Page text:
'Mish'ion Accomplished

17 July 2012 | 8:15 am | Mark Hebblewhite

"The heavy music scene in Sydney is getting more eclectic every day; there are so many great bands out there doing amazing things and we’re just honoured to be a part of it all.”

"It would be fair to call the album a concept piece,” muses Mish vocalist and guitarist Rowland Hines when asked to describe The Entrance, the band's expansive eight-song debut platter.

“The whole album tells the story of a creature being born, and The Entrance is just that – it describes the entry of that creature into the world. We take different perspectives on the record. Songs like Altricial and Precocial are statements about an animal being born with its eyes open or closed and offer differing views on this creature's new life.”

The story doesn't end there however and the band plans to continue telling the story of this creature that they've now christened (somewhat appropriately) 'Mish'. “Our next record, which we're about halfway through, will continue the story we began on The Entrance. I don't want to say too much yet, but so far the songs are coming together really well and we're looking to release the album sometime around November.”

Mish don't lack for drive and determination. Three-quarters of the band hail from regional Bathurst and they've relocated to Sydney to further their craft (Hines notes with a laugh that the band's name is an abbreviation of the word 'mission' because the guys are always looking for a “better mish”) But you won't hear any complaints from Mish about how hard it is for Australian metal bands to get ahead. Things are what they are.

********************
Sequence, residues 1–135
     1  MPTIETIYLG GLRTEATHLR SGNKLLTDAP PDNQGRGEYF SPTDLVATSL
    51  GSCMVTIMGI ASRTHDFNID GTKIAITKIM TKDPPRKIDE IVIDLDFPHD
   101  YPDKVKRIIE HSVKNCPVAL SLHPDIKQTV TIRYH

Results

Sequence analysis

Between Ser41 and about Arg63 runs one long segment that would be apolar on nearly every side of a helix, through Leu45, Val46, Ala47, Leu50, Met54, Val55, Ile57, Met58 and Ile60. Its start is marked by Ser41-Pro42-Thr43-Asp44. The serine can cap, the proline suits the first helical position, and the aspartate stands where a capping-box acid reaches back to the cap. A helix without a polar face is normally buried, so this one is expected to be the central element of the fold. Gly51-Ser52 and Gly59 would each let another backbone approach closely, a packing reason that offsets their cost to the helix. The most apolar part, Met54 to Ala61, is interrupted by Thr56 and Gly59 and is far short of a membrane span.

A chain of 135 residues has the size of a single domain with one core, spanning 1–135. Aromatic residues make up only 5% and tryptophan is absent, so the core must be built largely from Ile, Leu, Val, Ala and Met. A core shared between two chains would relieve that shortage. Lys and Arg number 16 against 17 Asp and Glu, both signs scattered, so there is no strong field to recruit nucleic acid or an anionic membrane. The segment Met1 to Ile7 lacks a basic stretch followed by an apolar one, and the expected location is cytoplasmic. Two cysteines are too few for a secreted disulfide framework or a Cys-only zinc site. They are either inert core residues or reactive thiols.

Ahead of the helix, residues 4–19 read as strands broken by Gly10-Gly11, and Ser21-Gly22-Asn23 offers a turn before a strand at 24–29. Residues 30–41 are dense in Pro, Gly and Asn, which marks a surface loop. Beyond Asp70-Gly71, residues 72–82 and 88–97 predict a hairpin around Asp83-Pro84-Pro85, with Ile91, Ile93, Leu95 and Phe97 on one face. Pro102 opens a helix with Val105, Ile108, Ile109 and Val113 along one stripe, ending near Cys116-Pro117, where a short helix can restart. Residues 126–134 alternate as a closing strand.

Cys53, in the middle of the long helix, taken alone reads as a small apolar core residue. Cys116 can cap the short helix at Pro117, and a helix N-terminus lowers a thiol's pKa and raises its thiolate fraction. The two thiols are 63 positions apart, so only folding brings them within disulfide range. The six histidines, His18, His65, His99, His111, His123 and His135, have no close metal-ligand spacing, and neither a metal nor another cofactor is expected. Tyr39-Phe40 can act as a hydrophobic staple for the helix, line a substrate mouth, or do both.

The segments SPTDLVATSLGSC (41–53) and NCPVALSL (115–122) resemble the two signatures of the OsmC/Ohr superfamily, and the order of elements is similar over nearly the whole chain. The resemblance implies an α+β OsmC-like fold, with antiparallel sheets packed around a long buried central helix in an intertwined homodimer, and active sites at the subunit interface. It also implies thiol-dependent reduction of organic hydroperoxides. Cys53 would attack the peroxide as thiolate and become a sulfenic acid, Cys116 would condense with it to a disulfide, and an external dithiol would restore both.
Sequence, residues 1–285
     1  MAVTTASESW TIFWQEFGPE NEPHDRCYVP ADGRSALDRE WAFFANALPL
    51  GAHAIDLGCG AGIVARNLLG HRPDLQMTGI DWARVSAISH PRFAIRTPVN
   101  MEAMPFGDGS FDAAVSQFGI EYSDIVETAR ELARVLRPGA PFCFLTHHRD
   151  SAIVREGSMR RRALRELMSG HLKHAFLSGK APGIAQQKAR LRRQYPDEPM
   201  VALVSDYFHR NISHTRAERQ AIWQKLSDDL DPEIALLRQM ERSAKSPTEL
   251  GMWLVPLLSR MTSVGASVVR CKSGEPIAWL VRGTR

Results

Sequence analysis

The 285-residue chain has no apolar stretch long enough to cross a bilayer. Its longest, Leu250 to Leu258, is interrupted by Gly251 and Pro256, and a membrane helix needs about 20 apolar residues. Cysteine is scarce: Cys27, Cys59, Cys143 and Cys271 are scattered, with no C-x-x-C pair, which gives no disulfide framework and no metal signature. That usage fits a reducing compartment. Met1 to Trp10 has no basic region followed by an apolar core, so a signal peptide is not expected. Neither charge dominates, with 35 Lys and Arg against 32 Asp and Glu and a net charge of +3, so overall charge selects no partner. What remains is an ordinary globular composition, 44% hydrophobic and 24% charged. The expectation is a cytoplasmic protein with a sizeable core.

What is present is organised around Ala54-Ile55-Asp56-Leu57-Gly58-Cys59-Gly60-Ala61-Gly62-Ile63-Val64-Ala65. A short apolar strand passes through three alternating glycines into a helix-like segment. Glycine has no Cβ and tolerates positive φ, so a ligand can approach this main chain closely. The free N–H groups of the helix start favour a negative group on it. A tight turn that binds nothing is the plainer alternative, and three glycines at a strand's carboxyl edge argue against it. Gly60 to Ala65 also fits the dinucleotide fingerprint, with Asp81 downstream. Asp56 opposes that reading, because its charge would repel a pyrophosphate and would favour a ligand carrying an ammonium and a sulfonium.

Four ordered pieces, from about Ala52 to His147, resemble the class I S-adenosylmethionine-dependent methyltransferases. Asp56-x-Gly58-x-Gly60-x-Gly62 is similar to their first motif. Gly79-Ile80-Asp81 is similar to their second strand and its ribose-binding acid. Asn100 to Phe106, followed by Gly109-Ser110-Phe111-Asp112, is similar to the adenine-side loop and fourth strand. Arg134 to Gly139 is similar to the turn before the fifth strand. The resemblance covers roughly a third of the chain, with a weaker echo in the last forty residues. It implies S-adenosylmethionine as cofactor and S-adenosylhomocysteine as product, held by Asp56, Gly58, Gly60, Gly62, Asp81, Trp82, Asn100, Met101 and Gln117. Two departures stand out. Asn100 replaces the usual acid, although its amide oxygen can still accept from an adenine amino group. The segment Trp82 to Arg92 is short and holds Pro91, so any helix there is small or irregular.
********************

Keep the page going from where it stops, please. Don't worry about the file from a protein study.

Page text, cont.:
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“You're never going to hear our songs on the radio because they're too long,” laughs Hinds. “But we're doing what we love on our own terms. We've got great support from Grindhead Records and The Bird's Robe Collective, who support the band's artistic vision and give us a lot of help. There's no use complaining about how hard it is to be in an Australian metal band. You've just got to get out there and do it. And of course it's important for all the bands to support each other because basically we're all in the same boat.”

Mish will be taking their experimental metal onslaught to the upcoming Slaughterfest at the Sandringham Hotel. Hinds promises a show that will not only challenge the ears but also reward the eyes.

“We have a new member in the band – a DJ, which opens up the soundscape we can produce. We're also going to be playing in front of a screen that will have two separate projections on it,” explains Hinds. “Don't get me wrong, it's not like a storyboard or anything. Instead we'll be using the images to decorate the song and create specific moods during the show. We use our music to try and take people on a journey and hopefully the visual element will really help us do that and enhance the experience of the people watching the set. We're really excited about putting it all together and trying it out.”

And are Mish worried about keeping the attention of Slaughterfest patrons who may be more used to two-minute grind explosions and straight-up doom metal?

“Nah, not at all – we've never had problems playing on the same bill as grind or death bands. Audiences always seem to appreciate what we do. Besides, when you look at the Slaughterfest line-up there's a really diverse range of heavy bands, some of whom, like us, take a more experimental approach to metal. That's what's so great about the festival; it caters for the diversity of Sydney's metal scene and exposes metal fans to bands that they might not have considered checking out. The heavy music scene in Sydney is getting more eclectic every day; there are so many great bands out there doing amazing things and we're just honoured to be a part of it all.”